DESCRIPTION (provided by applicant): Acute myelogenous leukemia (AML) currently kills the majority of afflicted patients despite treatment with combination chemotherapy and allogeneic stem cell transplantation (SCT). Radiolabeled anti-CD45 monoclonal antibodies (Ab) have been shown to improve outcomes for AML in the setting of SCT, but toxicity remains high and cure rates are suboptimal. The objective of this research proposal is to maximize the cure rate of AML using a novel approach employing pretargeted radioimmunotherapy (PRIT) with genetically engineered bispecific antibodies. In Aim 1, we will engineer, express, and purify anti-CD45 x anti-ligand bispecific Abs (scFv2-iFabs) that bind covalently and irreversibly to radiometal ligands. In Aim 2, we will assess the binding characteristics of anti-CD45 x anti-ligand bispecific Abs (scFv2-iFabs) for CD45 antigen and for radiometal ligand chelates in vitro. In Aim 3, we will compare and contrast the pharmacokinetics and biodistributions of pretargeted radioimmunotherapy using the novel molecularly engineered anti-CD45 x anti- ligand bispecific Abs (scFv2-iFabs) with our current gold standard method of PRIT using a streptavidin-biotin pretargeting method. Comparisons will be made in both an AML xenograft model and in a disseminated model of AML. In Aim 4, we will compare and contrast the therapeutic efficacy of pretargeted RIT using the streptavidin-biotin approach with the novel bispecific anti-CD45 x anti-ligand bispecific antibody approach in both xenograft and disseminated AML models. In Aim 5, we will investigate the toxicity and efficacy of combination therapy using anti-CD45 bispecific Ab pretargeting, with and without cytotoxic chemotherapy, in a disseminated model of human AML in SCID mice. We hypothesize that the novel bispecific "pretargeted" RIT strategy defined in this proposal will amplify the amount of radiation delivered to AML cells, decrease the radiation delivered to the liver, lungs, and other normal organs, improve remission and cure rates, prolong survival, and markedly attenuate toxicities compared to conventional RIT and to streptavidin-biotin PRIT. We anticipate rapid translation of the results of these preclinical experiments into our clinical RIT program for AML. PUBLIC HEALTH RELEVANCE: Acute myelogenous leukemia (AML) develops in 13,290 Americans and kills 8,820 of them each year despite treatment with chemotherapy and stem cell transplantation. In this project, we plan to improve the cure rate of AML by targeting radionuclides to the CD45 antigen expressed on AML using a new method called "pretargeted" radioimmunotherapy using bispecific antibodies. Although this grant is specifically focused on AML, the treatment being developed can also be applied to other CD45- expressing malignancies, including other types of leukemia, myelodysplasia, and non-Hodgkin's lymphoma, that affect a total of more than 120,000 Americans each year. We anticipate that this approach will cure more patients and cause fewer toxicities than currently available therapies.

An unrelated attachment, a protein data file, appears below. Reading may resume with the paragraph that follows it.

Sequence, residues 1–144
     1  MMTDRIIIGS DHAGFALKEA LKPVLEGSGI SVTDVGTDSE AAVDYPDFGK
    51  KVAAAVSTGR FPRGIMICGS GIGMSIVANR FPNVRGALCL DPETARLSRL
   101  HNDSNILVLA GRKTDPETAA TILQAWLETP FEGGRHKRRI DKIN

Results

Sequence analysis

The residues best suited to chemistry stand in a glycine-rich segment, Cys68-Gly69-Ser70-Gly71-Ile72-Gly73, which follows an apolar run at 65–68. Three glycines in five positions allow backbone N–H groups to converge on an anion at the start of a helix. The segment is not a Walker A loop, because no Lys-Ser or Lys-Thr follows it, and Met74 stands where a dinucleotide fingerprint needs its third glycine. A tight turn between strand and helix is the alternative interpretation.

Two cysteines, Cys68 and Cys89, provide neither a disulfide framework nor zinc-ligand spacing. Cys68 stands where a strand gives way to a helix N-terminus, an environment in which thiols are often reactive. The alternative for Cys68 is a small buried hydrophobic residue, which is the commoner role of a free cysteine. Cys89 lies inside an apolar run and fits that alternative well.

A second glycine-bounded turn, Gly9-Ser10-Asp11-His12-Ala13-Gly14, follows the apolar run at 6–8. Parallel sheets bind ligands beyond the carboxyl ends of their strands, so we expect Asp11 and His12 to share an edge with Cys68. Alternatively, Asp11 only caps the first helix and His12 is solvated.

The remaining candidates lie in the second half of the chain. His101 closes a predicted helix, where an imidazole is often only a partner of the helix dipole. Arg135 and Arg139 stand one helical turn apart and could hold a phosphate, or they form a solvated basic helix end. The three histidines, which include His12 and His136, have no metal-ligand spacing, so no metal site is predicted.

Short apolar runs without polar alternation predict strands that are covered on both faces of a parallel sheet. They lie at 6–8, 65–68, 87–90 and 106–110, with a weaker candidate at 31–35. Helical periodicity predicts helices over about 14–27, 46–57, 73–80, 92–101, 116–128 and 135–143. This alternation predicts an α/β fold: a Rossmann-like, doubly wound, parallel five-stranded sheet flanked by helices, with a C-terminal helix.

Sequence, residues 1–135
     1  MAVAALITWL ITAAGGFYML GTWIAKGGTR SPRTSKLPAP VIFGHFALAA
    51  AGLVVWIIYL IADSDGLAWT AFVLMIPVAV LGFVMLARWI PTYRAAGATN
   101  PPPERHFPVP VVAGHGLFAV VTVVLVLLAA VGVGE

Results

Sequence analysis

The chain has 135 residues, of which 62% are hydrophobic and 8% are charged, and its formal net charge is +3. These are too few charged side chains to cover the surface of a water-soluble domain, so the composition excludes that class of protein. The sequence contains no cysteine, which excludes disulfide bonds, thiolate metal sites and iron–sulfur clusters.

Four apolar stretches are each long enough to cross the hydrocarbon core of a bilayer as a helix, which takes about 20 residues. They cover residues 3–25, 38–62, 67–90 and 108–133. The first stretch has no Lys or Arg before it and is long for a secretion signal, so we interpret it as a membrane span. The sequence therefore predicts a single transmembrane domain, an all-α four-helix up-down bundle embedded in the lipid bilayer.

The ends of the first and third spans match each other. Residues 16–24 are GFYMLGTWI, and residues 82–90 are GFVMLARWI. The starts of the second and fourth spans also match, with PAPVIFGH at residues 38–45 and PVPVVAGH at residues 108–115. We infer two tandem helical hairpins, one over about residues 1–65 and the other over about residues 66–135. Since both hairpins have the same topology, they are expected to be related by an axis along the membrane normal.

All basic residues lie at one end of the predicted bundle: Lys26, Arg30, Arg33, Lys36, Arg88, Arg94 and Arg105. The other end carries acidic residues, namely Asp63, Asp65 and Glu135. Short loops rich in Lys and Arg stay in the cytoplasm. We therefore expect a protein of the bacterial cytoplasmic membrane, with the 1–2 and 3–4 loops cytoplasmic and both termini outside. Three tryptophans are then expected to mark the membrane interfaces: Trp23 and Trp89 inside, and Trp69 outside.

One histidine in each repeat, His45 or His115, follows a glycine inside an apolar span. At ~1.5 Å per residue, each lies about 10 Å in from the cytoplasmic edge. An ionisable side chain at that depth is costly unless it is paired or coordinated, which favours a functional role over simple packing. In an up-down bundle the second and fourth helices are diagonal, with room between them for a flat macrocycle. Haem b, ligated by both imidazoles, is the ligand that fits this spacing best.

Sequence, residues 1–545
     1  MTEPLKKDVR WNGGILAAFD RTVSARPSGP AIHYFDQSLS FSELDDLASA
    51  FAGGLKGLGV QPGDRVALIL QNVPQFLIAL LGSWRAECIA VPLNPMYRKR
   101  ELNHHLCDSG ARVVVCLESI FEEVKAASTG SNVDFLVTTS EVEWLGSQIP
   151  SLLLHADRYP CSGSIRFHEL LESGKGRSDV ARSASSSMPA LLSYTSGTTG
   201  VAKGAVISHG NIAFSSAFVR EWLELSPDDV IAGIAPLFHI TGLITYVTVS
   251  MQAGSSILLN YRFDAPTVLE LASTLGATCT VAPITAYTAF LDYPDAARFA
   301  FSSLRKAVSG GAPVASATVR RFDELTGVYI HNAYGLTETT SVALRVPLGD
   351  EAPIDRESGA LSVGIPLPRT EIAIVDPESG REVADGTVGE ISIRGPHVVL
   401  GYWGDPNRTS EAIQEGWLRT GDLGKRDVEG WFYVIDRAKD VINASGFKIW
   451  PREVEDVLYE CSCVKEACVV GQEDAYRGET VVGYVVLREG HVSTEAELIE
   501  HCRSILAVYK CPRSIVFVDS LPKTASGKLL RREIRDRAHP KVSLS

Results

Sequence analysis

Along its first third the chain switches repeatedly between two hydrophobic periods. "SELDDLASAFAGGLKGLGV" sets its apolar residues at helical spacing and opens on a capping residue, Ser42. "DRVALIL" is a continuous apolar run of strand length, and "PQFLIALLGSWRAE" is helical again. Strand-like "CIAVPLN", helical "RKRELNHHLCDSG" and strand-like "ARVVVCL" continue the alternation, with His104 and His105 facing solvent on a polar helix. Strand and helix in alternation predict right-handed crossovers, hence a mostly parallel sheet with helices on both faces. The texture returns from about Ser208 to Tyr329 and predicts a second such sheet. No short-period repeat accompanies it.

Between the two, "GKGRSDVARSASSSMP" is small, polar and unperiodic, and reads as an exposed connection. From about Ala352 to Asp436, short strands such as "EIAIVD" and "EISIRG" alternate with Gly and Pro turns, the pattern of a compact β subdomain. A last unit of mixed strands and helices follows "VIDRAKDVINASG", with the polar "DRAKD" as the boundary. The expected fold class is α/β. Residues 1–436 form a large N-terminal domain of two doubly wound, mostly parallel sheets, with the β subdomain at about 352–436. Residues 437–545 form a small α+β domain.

|Effective start/end date||7/1/09 → 5/31/16|
- National Institutes of Health: $328,617.00
- National Institutes of Health: $318,897.00
- National Institutes of Health: $298,976.00
- National Institutes of Health: $319,012.00
- National Institutes of Health: $344,762.00